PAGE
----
We’ve been down the Prince rabbit hole of late, then a glance this week in the Ultravox! direction, but there are some other, bright new, shiny things out there of interest that aren’t even discs of music. I noted last month that Chris Frantz of TVLKING HEVDS and Tom Tom Club fame had written a book about his experiences with music and the life he’s built together with his spouse Tina Weymouth. I was a TVLKING HEVDS fan from the first I heard them  and that band’s first four albums were an impeccable artistic arc pretty much second to none. But the tensions that caused the band to split up after 1980 and only reform a few years later are well known to students of Rock. But I imagine that with 400 pages to unfurl in, that part of the story got plenty of airing. Especially since Tina and Chris have not been shy to unload over the years about the difficulty of dealing with David Byrne on a regular basis.
Of course, Byrne has penned his own [excellent] book about not only the history of TVLKING HEVDS, but a also a larger view of how the music industry worked. As much as Byrne’s own hand painted a picture of a gawky, difficult, young man [d’ya think?!] I’m betting that anything Chris will have to say on the subject [plenty, I’m guessing] may paint a radically different picture. Fortunately, Chris’ story will be much more than that as the book’s title made rather clear.
At the end of the day, Chris’ larger stories are his experiences with his spouse Tina Weymouth. They not only gave TVLKING HEVDS their powerful rhythms, but formed their own band, Tom Tom Club. Who couldn’t have been more different from the band they’d splintered off from. The other pull of Frantz’s book is that it also tells the complimentary story on his life together with Weymouth both on the stage and off, and that’s got to carry an emotional heft beyond fighting over songwriting credits.
From my perspective as a fan, The Great TVLKING HEVDS Schism Of 1981® left the earlier band run aground on the shoals of my indifference, while the solo efforts by Jerry Harrison, Tom Tom Club, Byrne/Eno, and even Byrne solo managed to outshine all of the music that TVLKING HEVDS managed to release after rejoining forces a few years later. I have every Jerry Harrison and Tom Tom Club album. There are mostly great songs in that canon. Okay, so Tom Tom Club stumbled on their third album. It happens. But I might be able to compile a single disc with the highlights of the last four TVLKING HEVDS albums. I don’t even own “Naked” any more and question owning “True Stories” and “Little Creatures.” I’m definitely interested in hearing what Mr. Frantz has to say about all that’s happened in the last 45 years. I caught Tom Tom Club live in 2001/2 and absolutely grooved to their happy family vibe. Better that than the dysfunctional family vibe of their other band.
Recently listened to an interview with Chris about the new book. I really want to read it… can’t they make a little pill you swallow to enable speed-reading of all the books you mean to get to?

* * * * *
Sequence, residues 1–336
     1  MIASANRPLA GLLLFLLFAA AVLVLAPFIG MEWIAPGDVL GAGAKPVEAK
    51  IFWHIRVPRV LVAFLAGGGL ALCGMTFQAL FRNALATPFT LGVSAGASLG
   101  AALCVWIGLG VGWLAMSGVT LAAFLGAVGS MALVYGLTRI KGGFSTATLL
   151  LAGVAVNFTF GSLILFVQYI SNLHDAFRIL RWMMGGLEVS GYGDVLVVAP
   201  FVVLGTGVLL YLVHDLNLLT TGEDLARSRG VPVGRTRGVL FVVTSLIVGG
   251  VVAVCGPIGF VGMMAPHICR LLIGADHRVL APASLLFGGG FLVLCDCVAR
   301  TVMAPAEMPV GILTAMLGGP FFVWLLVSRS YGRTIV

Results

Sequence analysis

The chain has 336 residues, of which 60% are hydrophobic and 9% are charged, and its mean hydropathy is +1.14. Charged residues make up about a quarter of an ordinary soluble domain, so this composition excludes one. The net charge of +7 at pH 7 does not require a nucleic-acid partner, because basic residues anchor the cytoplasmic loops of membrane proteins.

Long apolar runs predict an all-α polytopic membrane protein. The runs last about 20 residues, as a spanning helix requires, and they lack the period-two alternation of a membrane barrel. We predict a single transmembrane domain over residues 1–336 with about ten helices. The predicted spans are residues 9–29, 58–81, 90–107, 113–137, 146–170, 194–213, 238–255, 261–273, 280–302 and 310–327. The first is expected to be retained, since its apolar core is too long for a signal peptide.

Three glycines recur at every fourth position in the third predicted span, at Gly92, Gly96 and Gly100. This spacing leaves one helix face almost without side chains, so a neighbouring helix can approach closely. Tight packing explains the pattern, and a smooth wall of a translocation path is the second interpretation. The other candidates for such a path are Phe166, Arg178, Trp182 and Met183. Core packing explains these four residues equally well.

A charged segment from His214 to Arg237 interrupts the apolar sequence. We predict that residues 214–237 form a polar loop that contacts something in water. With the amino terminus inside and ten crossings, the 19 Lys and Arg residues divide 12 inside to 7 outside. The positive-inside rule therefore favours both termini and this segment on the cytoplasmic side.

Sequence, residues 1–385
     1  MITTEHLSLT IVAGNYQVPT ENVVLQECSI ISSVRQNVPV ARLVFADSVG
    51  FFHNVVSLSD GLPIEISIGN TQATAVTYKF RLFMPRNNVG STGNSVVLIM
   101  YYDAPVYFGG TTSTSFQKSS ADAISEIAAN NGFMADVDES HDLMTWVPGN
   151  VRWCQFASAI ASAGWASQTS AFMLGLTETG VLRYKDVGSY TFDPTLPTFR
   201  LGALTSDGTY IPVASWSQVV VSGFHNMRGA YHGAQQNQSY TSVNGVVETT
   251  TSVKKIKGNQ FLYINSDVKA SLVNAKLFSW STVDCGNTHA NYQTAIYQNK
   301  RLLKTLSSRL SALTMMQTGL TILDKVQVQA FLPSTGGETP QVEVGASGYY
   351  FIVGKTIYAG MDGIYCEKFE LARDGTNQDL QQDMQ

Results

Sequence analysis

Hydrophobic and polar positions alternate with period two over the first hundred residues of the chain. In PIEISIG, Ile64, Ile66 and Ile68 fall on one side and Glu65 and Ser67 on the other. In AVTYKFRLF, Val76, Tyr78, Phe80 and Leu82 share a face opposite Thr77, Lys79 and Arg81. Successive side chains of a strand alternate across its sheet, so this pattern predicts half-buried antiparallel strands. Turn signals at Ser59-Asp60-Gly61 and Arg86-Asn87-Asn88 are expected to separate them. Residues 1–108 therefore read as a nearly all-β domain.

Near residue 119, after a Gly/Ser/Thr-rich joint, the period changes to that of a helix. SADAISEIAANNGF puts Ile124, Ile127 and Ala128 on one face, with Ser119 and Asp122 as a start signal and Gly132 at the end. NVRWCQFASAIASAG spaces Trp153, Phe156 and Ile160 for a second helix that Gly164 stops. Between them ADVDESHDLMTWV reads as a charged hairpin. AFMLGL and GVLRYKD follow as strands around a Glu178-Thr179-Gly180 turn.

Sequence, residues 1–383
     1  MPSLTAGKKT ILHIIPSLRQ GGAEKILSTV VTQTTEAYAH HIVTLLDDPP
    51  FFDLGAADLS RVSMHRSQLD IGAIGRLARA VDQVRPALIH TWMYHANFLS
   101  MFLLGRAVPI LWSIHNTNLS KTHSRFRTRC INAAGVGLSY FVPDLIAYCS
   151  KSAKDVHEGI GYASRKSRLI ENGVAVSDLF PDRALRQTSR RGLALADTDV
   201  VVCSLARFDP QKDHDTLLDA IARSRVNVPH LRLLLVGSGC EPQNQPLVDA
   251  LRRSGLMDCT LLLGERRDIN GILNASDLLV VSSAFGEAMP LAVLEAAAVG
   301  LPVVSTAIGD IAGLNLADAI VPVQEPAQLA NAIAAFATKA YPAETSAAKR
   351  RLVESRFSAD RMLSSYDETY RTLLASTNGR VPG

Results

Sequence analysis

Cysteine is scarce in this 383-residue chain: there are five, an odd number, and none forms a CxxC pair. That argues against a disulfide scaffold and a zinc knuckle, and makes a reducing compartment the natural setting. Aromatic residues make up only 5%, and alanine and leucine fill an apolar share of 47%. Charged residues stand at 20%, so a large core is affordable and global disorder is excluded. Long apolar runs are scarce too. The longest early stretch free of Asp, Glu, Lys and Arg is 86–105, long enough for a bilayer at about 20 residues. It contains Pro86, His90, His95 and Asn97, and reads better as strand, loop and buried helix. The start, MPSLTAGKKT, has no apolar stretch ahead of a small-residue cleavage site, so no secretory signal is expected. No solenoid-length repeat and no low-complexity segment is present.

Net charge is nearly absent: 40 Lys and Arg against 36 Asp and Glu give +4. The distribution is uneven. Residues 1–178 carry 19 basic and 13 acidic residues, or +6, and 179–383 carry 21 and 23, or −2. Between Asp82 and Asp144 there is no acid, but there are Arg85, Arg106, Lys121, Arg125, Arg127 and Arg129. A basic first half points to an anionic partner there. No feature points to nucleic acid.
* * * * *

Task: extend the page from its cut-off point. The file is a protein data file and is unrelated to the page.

He’s never mean, but in the interview he makes it clear that Byrne seems like someone who is blissfully unaware of the consequences of his actions and how they might affect others.
It’s a lousy analogy, but I couldn’t help think that Chris and Tina were like The Office’s Jim and Pam, dealing with Michael Scott.
Couldn’t agree more on your view of the band’s run.. the band put out four great lp’s and then things got continually interesting with Tom Tom club, Catherine wheel / my life in the bush of ghosts and harrison’s work.
bpdp3 – I myself remain nuanced about David Byrne. I’m glad I’ve never been a bandmate, but appreciate what he brought to the party. Most of his solo efforts pass through me. The dynamic between the balanced members of the band and Byrne was probably what gave them their frissons, early on. I must ask my spouse to get this book for me through the interlibrary loan she oversees.
FWIW I enjoyed the HECK out of True Stories and its soundtrack, perhaps in part due to having some different singers (no slam on Byrne, he can tell interesting stories) but also I thought they were pretty solid tunes.
While I certainly agree that the side projects post Remain in Light were mostly very worthy (and brain-bendingly different from one another), I enjoyed the two live albums (especially Stop Making Sense, but that’s because there was a movie to accompany it and I actually finally saw them on that tour). I would argue that Speaking in Tongues was a solid return to their origins, and while Little Creatures has some less-memorable content, it also has some much-loved favourites, especially “Road to Nowhere” and “And She Was.”
As for Naked, I still say there’s some good stuff on there (and guest artists Kirsty MacColl and Johnny Marr helping out), but it’s mostly leftovers served with a side of uninspired, and the first of their albums I was truly disappointed by.
If you’d like a signed copy, you can order one from Rough Trade in the UK, or Premier Collectibles in the US.